Project description:Alternative splicing of pre-messenger RNA transcripts enables the generation of multiple protein isoforms from the same gene locus, providing a major source of protein diversity in mammalian genomes. RNA binding proteins (RBPs) bind to RNA to control splice site choice and define which exons are included in the resulting mature RNA transcript. However, depending on where the RBPs bind relative to splice sites, they can activate or repress splice site usage. To explore this position-specific regulation, in vivo binding sites identified by methods such as cross-linking and immunoprecipitation (CLIP) are integrated with alternative splicing events identified by RNA-seq or microarray. Merging these data sets enables the generation of a "splicing map," where CLIP signal relative to a merged meta-exon provides a simple summary of the position-specific effect of binding on splicing regulation. Here, we provide RBP-Maps, a software tool to simplify generation of these maps and enable researchers to rapidly query regulatory patterns of an RBP of interest. Further, we discuss various alternative approaches to generate such splicing maps, focusing on how decisions in construction (such as the use of peak versus read density, or whole-reads versus only single-nucleotide candidate crosslink positions) can affect the interpretation of these maps using example eCLIP data from the 150 RBPs profiled by the ENCODE consortium.
Project description:Sequence-specific interactions of RNA-binding proteins (RBPs) with their target transcripts are essential for post-transcriptional gene expression regulation in mammals. However, accurate prediction of RBP motif sites has been difficult because many RBPs recognize short and degenerate sequences. Here we describe a hidden Markov model (HMM)-based algorithm mCarts to predict clustered functional RBP-binding sites by effectively integrating the number and spacing of individual motif sites, their accessibility in local RNA secondary structures and cross-species conservation. This algorithm learns and quantifies rules of these features, taking advantage of a large number of in vivo RBP-binding sites obtained from cross-linking and immunoprecipitation data. We applied this algorithm to study two representative RBP families, Nova and Mbnl, which regulate tissue-specific alternative splicing through interacting with clustered YCAY and YGCY elements, respectively, and predicted their binding sites in the mouse transcriptome. Despite the low information content in individual motif elements, our algorithm made specific predictions for successful experimental validation. Analysis of predicted sites also revealed cases of extensive and distal RBP-binding sites important for splicing regulation. This algorithm can be readily applied to other RBPs to infer their RNA-regulatory networks. The software is freely available at http://zhanglab.c2b2.columbia.edu/index.php/MCarts.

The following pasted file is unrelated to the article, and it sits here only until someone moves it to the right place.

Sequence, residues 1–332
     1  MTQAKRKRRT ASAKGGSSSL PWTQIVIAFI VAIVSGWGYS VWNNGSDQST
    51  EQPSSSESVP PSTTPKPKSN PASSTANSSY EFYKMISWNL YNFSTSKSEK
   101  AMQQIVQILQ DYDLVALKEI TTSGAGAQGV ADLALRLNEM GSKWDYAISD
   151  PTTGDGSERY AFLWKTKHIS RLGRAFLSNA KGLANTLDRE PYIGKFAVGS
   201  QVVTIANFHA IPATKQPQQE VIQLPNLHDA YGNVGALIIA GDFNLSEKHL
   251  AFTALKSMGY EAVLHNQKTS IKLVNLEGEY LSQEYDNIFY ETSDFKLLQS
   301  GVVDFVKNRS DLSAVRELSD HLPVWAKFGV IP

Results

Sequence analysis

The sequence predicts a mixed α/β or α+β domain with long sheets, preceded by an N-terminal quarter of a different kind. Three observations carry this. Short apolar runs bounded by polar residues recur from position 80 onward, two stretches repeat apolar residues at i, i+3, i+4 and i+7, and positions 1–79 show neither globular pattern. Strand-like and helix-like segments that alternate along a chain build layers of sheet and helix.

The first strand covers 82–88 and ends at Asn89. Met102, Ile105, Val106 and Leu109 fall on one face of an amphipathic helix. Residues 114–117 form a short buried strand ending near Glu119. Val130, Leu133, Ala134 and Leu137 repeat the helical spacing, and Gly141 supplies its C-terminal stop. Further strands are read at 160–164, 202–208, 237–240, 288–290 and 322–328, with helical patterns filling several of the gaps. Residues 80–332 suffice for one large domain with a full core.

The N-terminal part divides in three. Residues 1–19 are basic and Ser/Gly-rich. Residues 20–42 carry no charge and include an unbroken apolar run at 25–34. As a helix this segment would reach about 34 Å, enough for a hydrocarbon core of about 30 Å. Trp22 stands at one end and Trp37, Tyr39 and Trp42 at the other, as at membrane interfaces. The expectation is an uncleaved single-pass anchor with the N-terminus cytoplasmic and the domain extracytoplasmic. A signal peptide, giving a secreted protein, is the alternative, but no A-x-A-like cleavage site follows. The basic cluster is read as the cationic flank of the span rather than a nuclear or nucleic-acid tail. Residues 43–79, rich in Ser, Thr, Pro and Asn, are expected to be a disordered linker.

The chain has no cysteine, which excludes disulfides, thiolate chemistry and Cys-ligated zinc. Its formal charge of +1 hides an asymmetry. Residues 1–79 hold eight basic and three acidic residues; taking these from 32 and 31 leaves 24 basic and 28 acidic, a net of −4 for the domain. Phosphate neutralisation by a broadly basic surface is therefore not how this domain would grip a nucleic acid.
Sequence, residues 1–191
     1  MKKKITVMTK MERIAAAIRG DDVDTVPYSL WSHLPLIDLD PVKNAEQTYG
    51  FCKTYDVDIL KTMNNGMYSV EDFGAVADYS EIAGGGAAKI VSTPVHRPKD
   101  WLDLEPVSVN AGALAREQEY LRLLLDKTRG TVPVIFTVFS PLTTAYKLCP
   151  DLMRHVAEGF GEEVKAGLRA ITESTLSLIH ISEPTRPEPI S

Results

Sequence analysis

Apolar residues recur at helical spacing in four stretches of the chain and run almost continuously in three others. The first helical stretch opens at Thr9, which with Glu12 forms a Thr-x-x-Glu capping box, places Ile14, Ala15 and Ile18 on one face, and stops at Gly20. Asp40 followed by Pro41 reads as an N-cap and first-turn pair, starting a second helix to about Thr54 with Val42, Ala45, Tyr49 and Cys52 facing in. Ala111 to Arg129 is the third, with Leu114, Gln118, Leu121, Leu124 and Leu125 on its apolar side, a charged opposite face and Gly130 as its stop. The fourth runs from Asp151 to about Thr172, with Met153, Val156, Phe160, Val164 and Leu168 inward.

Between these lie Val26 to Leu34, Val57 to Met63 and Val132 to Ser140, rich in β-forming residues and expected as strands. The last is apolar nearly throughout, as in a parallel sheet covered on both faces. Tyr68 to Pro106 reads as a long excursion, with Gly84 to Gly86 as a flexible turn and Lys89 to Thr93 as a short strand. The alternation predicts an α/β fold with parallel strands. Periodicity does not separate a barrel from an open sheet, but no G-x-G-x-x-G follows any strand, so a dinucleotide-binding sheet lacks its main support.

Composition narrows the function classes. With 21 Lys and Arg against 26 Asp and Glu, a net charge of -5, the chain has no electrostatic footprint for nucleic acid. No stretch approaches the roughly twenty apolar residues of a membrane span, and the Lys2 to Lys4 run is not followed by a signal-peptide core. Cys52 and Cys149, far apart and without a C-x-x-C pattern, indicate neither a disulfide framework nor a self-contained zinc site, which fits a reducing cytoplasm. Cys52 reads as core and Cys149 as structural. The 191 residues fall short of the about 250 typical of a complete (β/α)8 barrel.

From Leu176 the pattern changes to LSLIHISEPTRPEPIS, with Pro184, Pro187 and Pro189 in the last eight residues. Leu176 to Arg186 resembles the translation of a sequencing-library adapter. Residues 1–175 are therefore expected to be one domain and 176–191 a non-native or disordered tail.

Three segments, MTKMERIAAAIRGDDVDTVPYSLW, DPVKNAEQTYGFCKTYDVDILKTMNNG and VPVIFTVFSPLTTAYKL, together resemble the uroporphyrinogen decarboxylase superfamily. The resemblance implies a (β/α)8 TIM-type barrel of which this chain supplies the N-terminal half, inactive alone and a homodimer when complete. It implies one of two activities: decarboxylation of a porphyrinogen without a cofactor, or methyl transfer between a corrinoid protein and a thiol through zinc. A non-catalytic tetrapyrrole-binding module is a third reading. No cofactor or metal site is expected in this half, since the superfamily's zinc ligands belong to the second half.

Project description:Gene expression is tightly regulated at the post-transcriptional level through splicing, transport, translation, and decay. RNA-binding proteins (RBPs) play key roles in post-transcriptional gene regulation, and genetic variants that alter RBP-RNA interactions can affect gene products and functions. We developed a computational method ASPRIN (Allele-Specific Protein-RNA Interaction) that uses a joint analysis of CLIP-seq (cross-linking and immunoprecipitation followed by high-throughput sequencing) and RNA-seq data to identify genetic variants that alter RBP-RNA interactions by directly observing the allelic preference of RBP from CLIP-seq experiments as compared to RNA-seq. We used ASPRIN to systematically analyze CLIP-seq and RNA-seq data for 166 RBPs in two ENCODE (Encyclopedia of DNA Elements) cell lines. ASPRIN identified genetic variants that alter RBP-RNA interactions by modifying RBP binding motifs within RNA. Moreover, through an integrative ASPRIN analysis with population-scale RNA-seq data, we showed that ASPRIN can help reveal potential causal variants that affect alternative splicing via allele-specific protein-RNA interactions.